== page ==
Facebook has launched a stripped-down version of its messaging app called Messenger Lite, which is designed to work with slower internet speeds and basic Android smartphones in emerging markets, the social networking giant announced Monday.
Messenger Lite uses up less than 10 megabytes compared to around 156 megabytes for the full version of the app. Users of Messenger Lite can use core features such as basic messaging, sending and receiving photos, links and stickers. The new Lite app however will not have full access to other features such as bots that Facebook recently introduced.
Facebook's Messenger Lite is starting to roll out t to people in Kenya, Tunisia, Malaysia, Sri Lanka and Venezuela, with availability in more countries in the coming months.
It marks the U.S. social media giant's latest foray into developing markets where it is looking to connect the next billion users by improving internet access and online services. Last year, the company released Facebook Lite for Android users in emerging markets.
Google's Android mobile operating system is the dominant player in emerging markets over rival Apple's iOS, due to lower cost of the devices that run the software.
Facebook has also been testing drones that are able to "beam" internet to remote parts of the world. But its efforts in developing markets have not always been plain sailing. Facebook ran into headwinds in India with its Internet.org program. It offers a package called Free Basics which allows users in developing markets to access certain services on their mobile phones for free without data charges. Facebook, perhaps unsurprisingly, is one of the apps that can be accessed as part of this.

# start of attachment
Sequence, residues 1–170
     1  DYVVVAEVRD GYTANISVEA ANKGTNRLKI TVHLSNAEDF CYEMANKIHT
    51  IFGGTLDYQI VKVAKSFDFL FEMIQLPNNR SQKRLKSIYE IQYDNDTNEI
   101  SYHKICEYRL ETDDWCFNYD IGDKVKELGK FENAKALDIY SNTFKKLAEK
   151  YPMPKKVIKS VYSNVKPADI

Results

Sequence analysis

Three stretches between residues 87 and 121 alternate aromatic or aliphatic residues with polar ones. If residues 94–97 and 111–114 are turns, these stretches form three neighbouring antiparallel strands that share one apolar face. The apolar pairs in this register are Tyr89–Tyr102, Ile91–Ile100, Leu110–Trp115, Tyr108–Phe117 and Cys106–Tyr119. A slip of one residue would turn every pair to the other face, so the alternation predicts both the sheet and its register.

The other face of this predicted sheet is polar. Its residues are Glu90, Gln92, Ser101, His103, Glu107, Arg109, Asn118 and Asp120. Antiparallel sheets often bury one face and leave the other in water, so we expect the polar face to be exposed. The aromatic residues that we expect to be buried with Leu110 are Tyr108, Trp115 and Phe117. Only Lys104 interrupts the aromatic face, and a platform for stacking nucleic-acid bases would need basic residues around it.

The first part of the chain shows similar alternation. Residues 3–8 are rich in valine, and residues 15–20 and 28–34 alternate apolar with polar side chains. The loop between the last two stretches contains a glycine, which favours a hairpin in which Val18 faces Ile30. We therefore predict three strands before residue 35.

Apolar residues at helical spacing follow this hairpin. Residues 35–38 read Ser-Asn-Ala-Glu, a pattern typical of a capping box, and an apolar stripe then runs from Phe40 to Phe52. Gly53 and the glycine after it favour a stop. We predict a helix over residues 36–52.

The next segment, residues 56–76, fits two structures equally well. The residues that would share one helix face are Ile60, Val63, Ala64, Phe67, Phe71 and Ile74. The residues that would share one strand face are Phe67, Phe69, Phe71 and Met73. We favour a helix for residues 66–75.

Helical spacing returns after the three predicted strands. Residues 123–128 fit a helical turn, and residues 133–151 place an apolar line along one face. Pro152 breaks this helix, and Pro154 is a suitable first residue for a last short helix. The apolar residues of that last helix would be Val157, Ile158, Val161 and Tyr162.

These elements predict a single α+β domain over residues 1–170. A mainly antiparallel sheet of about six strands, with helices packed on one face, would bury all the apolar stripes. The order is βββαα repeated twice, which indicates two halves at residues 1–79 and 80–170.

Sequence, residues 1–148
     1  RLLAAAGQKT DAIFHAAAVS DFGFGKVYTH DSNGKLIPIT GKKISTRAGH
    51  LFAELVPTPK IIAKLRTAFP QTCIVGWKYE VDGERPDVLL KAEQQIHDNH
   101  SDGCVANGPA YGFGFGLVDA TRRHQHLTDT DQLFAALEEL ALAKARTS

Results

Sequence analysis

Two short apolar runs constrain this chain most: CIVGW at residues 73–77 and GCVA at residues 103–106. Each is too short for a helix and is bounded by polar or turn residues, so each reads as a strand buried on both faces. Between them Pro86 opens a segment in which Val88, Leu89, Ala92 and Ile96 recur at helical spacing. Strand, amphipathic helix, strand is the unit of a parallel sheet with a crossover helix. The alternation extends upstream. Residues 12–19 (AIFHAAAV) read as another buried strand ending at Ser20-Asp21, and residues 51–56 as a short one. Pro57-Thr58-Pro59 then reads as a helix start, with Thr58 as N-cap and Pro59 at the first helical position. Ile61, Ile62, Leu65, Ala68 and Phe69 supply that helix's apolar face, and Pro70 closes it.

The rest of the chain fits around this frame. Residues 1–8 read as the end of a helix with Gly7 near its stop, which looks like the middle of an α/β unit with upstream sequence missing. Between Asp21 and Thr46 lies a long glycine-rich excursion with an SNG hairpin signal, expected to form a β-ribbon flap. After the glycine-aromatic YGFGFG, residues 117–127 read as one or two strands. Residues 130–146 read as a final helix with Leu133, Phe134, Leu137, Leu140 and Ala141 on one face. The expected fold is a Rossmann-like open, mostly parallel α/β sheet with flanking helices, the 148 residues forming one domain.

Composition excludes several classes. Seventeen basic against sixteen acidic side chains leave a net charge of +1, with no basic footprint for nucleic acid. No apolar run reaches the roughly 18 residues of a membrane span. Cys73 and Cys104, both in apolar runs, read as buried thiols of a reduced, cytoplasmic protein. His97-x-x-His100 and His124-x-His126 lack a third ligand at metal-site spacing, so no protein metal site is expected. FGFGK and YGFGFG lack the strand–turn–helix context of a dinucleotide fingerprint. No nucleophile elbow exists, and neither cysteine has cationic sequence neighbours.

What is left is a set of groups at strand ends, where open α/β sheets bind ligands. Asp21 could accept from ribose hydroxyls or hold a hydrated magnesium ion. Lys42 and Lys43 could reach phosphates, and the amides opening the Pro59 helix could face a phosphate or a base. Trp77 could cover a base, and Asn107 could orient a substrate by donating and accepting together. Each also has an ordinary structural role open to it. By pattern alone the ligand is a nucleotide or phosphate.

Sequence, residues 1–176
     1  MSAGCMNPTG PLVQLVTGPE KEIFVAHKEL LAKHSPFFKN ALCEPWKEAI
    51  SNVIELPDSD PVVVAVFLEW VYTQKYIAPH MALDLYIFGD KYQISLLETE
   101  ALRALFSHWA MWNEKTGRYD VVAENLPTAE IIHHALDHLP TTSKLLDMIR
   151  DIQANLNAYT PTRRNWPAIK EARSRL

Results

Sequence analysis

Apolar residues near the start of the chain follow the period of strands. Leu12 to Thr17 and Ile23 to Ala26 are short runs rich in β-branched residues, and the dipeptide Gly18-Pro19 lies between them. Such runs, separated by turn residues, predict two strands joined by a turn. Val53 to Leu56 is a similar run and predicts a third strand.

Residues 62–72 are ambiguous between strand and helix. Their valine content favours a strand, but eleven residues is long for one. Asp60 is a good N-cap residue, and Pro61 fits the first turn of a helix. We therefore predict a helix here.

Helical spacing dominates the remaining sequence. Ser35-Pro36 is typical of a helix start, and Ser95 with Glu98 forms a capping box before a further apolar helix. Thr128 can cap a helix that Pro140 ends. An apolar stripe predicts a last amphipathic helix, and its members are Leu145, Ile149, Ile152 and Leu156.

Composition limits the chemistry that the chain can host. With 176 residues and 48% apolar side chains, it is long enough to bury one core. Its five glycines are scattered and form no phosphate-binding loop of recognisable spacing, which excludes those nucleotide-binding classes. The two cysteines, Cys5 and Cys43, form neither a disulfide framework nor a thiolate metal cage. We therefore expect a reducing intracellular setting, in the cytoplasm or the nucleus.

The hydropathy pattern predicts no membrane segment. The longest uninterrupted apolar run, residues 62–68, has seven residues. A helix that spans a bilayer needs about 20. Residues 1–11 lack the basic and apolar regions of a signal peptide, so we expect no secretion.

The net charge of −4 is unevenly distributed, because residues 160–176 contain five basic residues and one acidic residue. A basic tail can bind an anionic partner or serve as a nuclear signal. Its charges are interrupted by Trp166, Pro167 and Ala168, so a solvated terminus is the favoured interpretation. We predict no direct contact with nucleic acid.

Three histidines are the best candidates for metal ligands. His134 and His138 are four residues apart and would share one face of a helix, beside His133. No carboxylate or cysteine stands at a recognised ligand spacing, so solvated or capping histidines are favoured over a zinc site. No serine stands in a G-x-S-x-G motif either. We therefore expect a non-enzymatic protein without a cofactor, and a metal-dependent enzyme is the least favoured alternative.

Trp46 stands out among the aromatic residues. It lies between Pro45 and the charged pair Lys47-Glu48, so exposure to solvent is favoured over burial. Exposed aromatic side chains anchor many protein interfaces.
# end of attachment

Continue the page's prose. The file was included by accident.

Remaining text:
Critics called said Free Basics went against the principles of net neutrality – the idea that all traffic online should be treated equally. India then banned Free Basics in February.
Facebook Messenger Lite is a different approach to developing markets and the platform, which now has one billion users globally, has become key to Facebook's growth efforts. Earlier this year the company introduced chatbots on the platform - apps or pieces of software that users can interact with via speech or text. They are then able to respond providing information or even carrying out a task.
"Messenger Lite was built to give people a great Messenger experience, no matter what technology they use or have access to," Tom Mulcahy, engineering manager for Messenger Lite, wrote in a blog post on Monday.